Toronto Takes First Big Step to Act On Single-Use Plastics

At its July meeting, Toronto City Council voted to take the first critical step to act locally on the global plastics problem. Councillors voted to start a public and stakeholder consultation on what the City can do to reduce single-use packaging and plastics.

Plastics and single-use packaging are a global problem that needs action by all levels of government. The City is on the front line of dealing with the environmental impacts of plastic pollution and the rising costs of recycling and waste management. We can’t wait for other levels of government to act. We can’t rely on businesses to volunteer to give up problem materials -- we need local regulations urgently.

What happened at Council

At the July Council meeting, Council approved a staff recommendation to consult with the public on new regulations to deal with single-use products. Council also voted for Councillor Jaye Robinson’s amendment to accelerate the timeline, directing staff to complete the consultation in the fall and adding a report back in date in January 2019 - one of the first meetings of the new City Council.

Above: Images of local plastic pollution on Toronto beaches had a big impact on Toronto City Councillors

Next step: consultation

The consultation will look at problem materials - such as unrecyclable black plastics, straws, and “compostable” plastic substitutes. It will also look at various regulatory and voluntary options to reduce them, including by-laws to restrict or ban their distribution, mandatory fees and mandatory signage in businesses.

This consultation is a very important step. While the City has the power to impose new by-laws and regulations on problem materials, we know that industry and retail associations will raise legal challenges against them. A thorough consultation process can ensure that there aren’t unintended consequences and show that decisions weren’t taken lightly.

The consultation will also be really important to ensure that people in our city who need access to certain items, such as straws for accessibility or health reasons, will be included in the decision making.

Previous efforts by the City of Toronto to pass regulations on waste including coffee cups, and fees or bans on plastic bags drew legal challenges from retail, plastics and other industry associations. Similar regulations have been challenged in other cities. For example, Victoria, BC’s plastic bag ban was challenged in the Provincial Supreme Court by the Canadian Plastic Bag Association, though Victoria’s right to ban plastic bags was upheld by the court.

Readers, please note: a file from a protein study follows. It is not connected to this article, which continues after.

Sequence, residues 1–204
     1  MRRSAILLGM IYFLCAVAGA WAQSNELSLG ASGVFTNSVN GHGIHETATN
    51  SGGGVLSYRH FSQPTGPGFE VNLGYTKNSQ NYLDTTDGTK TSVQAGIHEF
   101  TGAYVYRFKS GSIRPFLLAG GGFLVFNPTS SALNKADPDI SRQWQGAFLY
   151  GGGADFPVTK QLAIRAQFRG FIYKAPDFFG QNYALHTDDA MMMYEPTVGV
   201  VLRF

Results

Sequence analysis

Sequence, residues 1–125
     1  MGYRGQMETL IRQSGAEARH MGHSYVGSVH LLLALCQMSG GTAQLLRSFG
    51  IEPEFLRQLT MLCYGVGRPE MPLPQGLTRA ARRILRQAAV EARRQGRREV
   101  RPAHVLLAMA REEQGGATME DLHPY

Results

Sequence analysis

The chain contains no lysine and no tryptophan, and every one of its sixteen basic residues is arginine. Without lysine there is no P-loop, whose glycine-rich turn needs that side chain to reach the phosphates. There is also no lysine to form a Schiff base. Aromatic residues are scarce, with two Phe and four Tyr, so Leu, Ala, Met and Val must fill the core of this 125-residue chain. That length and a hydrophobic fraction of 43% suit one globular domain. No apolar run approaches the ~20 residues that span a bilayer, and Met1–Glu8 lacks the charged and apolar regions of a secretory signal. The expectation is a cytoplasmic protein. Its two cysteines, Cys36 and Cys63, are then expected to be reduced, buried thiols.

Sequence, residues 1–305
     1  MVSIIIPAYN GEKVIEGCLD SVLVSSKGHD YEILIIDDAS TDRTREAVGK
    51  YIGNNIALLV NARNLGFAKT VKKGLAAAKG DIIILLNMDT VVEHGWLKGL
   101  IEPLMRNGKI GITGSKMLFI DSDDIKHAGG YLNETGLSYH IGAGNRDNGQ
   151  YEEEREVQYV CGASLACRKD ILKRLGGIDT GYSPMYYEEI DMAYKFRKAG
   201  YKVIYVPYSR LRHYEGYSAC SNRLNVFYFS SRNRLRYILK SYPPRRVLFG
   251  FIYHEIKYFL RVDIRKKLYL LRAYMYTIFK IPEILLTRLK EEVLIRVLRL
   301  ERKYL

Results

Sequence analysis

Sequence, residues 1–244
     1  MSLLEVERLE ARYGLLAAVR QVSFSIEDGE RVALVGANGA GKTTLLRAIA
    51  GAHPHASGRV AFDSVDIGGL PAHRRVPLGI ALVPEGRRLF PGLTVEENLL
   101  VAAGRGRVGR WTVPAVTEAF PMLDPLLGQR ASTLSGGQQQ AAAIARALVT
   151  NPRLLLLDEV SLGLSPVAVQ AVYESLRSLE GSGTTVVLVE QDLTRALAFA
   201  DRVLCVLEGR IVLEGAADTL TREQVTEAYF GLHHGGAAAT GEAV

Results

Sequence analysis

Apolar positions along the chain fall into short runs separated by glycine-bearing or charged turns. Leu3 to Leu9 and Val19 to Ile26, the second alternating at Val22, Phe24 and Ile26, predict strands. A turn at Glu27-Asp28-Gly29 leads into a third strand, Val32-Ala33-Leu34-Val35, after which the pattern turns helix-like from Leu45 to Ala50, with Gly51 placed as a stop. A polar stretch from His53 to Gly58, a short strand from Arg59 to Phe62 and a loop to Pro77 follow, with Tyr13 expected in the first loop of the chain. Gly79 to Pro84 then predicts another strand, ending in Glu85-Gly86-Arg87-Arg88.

How did we get here

  • Since the issue was first raised at the Public Works & Infrastructure Commitee (PWIC) in April, TEA has been actively engaging councillors, the media and community groups to talk about single-use products and plastics and what Toronto can do.
  • We mobilized our supporters and held training events to help people advocate for action on plastics at City Hall: from sending 1600 messages to City Councillors, to sharing photos of plastic pollution across Toronto, to joining clean up events, to speaking at the Committee, these community stories had an impact! (take a look at the video of the meeting in TEA’s recap blog!)
  • PWIC Councillors approved the staff recommendation to consult with the public and amended the plan to accelerate the timeline. Councillors also voted to show real leadership: adding direction to reduce single-use products in City facilities

One of TEA's community advocacy trainingsAbove: One of two community advocacy trainings

We’re happy with how Council voted, and now we’re getting ready for the next stage: mobilizing the public and businesses to participate in the consultation to show support for reducing waste and addressing plastics!

Council also voted to take action in other ways, and we’ll be monitoring the progress of those actions too. Things like ensuring all city facilities have recycling bins and showing leadership by reducing single-use products at City hall and all city operations.


Emily Alfred is the Waste Campaigner for the Toronto Environmental Alliance.